Geochemical Analysis of Construction Materials from Las Cuevas, Belize
- Author(s): Ray, Erin Elizabeth
- Advisor(s): Moyes, Holley
- et al.
The ancient Maya site of Las Cuevas, in Western Belize features a cave system that runs beneath the main plaza. Investigations by the Las Cuevas Archaeological Reconnaissance project suggest that the site functioned as a Late Classic ritual pilgrimage venue and that the cave was used for large public centrally-organized performances. The cathedral-like cave entrance contains monumental architecture consisting of at least 76 plastered platforms. I hypothesize that the level of managerial oversight should be correlated with the consistency of building materials employed in their construction.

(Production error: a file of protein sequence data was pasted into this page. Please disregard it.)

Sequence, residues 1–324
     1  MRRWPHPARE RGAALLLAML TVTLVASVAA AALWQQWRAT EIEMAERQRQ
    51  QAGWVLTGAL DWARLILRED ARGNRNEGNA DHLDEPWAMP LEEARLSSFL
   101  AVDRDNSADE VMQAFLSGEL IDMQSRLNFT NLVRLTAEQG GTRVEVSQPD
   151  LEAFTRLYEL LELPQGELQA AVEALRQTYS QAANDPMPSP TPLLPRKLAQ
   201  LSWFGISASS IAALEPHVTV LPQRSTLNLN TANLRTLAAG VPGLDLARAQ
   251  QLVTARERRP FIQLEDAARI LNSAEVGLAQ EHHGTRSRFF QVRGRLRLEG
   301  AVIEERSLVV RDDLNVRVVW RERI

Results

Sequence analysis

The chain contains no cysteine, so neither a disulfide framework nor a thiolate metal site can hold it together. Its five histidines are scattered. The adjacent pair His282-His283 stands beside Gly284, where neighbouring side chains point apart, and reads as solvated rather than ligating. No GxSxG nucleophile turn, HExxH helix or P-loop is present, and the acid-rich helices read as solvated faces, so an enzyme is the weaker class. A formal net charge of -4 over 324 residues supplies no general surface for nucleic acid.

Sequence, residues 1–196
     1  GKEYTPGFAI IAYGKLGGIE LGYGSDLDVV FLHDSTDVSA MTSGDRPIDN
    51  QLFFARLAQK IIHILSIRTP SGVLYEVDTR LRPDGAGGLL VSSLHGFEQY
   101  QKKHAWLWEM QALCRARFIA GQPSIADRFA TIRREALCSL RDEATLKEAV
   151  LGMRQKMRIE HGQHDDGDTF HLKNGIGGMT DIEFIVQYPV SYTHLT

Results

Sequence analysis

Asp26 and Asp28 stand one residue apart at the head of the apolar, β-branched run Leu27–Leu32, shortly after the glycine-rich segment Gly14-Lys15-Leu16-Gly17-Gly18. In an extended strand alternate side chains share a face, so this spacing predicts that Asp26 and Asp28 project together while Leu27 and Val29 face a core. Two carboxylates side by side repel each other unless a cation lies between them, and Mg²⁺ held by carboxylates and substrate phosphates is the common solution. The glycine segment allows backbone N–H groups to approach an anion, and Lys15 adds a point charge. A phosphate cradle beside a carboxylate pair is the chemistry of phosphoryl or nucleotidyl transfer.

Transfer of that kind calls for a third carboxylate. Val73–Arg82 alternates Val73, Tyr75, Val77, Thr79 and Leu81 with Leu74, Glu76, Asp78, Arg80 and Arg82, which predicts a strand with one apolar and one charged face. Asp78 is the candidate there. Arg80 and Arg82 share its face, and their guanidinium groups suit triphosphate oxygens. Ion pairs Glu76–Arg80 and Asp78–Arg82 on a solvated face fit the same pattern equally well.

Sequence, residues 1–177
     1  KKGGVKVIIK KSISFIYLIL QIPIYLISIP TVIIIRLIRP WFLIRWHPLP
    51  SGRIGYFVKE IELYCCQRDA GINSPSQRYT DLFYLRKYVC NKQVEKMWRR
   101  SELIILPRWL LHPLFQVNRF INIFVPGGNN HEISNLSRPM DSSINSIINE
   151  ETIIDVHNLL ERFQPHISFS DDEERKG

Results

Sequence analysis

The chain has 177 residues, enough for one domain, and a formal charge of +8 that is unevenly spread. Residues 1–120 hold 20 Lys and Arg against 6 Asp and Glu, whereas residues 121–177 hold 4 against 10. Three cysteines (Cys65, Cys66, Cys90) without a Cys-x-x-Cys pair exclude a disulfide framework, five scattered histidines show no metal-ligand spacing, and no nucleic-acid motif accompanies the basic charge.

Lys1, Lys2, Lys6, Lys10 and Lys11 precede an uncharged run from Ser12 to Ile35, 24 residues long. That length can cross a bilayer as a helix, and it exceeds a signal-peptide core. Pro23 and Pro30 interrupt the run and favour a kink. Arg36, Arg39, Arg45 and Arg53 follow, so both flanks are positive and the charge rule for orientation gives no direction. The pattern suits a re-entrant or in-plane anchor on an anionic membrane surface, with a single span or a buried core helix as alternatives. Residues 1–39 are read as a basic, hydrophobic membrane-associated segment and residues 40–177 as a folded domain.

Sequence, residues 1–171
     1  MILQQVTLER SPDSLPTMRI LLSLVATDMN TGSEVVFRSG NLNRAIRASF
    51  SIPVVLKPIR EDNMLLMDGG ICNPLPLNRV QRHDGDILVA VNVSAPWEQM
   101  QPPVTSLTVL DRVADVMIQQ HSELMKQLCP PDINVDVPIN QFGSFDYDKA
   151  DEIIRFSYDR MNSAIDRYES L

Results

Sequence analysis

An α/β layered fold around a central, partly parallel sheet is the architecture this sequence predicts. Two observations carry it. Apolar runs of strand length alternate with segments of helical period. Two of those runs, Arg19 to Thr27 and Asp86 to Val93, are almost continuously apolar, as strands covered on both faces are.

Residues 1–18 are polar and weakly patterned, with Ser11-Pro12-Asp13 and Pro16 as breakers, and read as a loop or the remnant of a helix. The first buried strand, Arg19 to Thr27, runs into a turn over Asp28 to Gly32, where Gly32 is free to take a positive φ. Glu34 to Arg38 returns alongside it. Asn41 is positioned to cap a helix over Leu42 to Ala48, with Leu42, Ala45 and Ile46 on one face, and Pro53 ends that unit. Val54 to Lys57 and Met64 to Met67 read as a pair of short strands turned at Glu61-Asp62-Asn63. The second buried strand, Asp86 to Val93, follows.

Plasters from both cave and surface contexts were analyzed using geochemical methods including XRF (pXRF), XRD, SEM, EDS and FTIR to examine their chemical make-up. Results demonstrate considerable variation in plaster recipes in the cave and on the surface. In this thesis, I discuss these findings and their implications.